The very fact that it is an issue, then, suggests that that's not what's going on here. So the data ostensibly collected for "parking enforcement" is, in practice, being mined/repurposed for other things as well. That's the real abuse, that's what needs to be stopped.
Re: I'm tired of reading people who claim the only computers available are Windows 8
That may be true wherever you come from, but where I am - you buy a new PC, you get Windows 8. There is no W7 option.
And even if there were, why is "buying an OS that's already officially obsolescent, and is itself scheduled for 'end of mainstream support' in less than a year" supposed to be an acceptable option?
No, when XP is finally terminated I'll just tell Steam I'm going offline, pull the wireless adaptor out of my old machine, and continue using it for games. We have tablets and phones for web browsing nowadays, so there's no real reason why it needs to be online at all. I'll consider buying a new PC in my own time, thank you so much, not on Microsoft's schedule.
"had no implications for [,,,] the liquidity of customers' accounts."
Methinks someone needs to look up the word "liquidity".
A liquid asset is one that I can convert to cash, quickly and painlessly, when I need to. If it's subject to this kind of cock-up, it's not liquid.
Re: Data retention, it's all the rage
@JaitcH: Who's wound up? I'm quite sincerely wondering why this is an issue, when the solution looks so simple.
Data retention, it's all the rage
How about Google Translate "remembers" every translation it ever makes, and refrains from using those same values for future self-training?
It's not as if Google has some sort of ethical problem with hanging on to its customer data.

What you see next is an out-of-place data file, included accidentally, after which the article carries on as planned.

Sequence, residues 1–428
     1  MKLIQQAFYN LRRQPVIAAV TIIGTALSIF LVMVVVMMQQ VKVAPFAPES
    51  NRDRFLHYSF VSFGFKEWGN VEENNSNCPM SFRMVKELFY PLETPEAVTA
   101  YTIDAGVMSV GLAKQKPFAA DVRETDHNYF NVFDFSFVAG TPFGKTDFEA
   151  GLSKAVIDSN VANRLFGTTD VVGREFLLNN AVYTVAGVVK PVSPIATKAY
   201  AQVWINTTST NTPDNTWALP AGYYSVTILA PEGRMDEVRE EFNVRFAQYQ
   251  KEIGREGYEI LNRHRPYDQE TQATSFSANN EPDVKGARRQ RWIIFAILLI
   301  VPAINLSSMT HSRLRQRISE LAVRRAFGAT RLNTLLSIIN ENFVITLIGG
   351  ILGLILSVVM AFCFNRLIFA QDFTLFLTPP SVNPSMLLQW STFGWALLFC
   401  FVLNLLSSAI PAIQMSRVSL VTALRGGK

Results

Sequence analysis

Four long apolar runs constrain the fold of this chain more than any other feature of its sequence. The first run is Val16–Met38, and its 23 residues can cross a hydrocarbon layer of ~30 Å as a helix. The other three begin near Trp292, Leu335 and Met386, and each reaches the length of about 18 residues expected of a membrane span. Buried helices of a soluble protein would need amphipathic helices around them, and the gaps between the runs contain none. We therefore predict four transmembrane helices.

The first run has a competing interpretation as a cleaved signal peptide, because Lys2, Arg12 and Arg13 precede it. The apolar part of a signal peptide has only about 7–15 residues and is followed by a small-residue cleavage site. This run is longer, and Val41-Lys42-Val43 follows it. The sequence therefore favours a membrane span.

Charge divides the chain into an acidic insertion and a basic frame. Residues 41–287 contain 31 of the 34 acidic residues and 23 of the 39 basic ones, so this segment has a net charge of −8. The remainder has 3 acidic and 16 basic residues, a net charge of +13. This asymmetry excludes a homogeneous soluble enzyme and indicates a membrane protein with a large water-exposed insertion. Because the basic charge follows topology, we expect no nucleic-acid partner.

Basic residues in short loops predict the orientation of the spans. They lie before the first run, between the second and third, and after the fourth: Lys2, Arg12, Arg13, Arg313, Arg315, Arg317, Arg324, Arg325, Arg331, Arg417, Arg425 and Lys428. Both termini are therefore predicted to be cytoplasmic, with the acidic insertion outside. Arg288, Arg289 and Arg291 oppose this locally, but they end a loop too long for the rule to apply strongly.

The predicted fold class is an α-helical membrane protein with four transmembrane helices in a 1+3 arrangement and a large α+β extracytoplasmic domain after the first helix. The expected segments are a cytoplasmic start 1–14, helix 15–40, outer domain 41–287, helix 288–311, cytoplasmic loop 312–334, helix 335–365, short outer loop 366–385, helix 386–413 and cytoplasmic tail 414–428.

If I were a plod with an iPad, I wouldn't waste time typing in witness statements.
I hear speech-to-text on the iPad is pretty good nowadays. And presumably, at 13k per device, they come with quite a good selection of relevant software and hardware.
Re: Look you have all taken this the wrong way.
When I was a kid, my father told me: "Always assume that if an official government spook wants to spy on you, they can and there's nothing you can do about it. They can bug your home, shadow you all day and tap your phone, and you'll never be any the wiser. If you ever want to do anything that would be of interest to those sorts of people, keep that in mind."
That was in the mid-70s. Long before privatisation.
When I grew up and started work as a technology journalist in the late 80s, I realised how true that was and always had been. It had nothing to do with "privatisation" or whatever other boogeyman you want to throw in there. It's just the way the UK is organised.
So yeah, I actually agree with Dave on this one. I don't think it's a big deal, because I've been resigned to being spied upon like that since before I was in my teens. I do have my own ways of communicating when I want to be private - but believe me, they don't rely on anonymous net or phone access.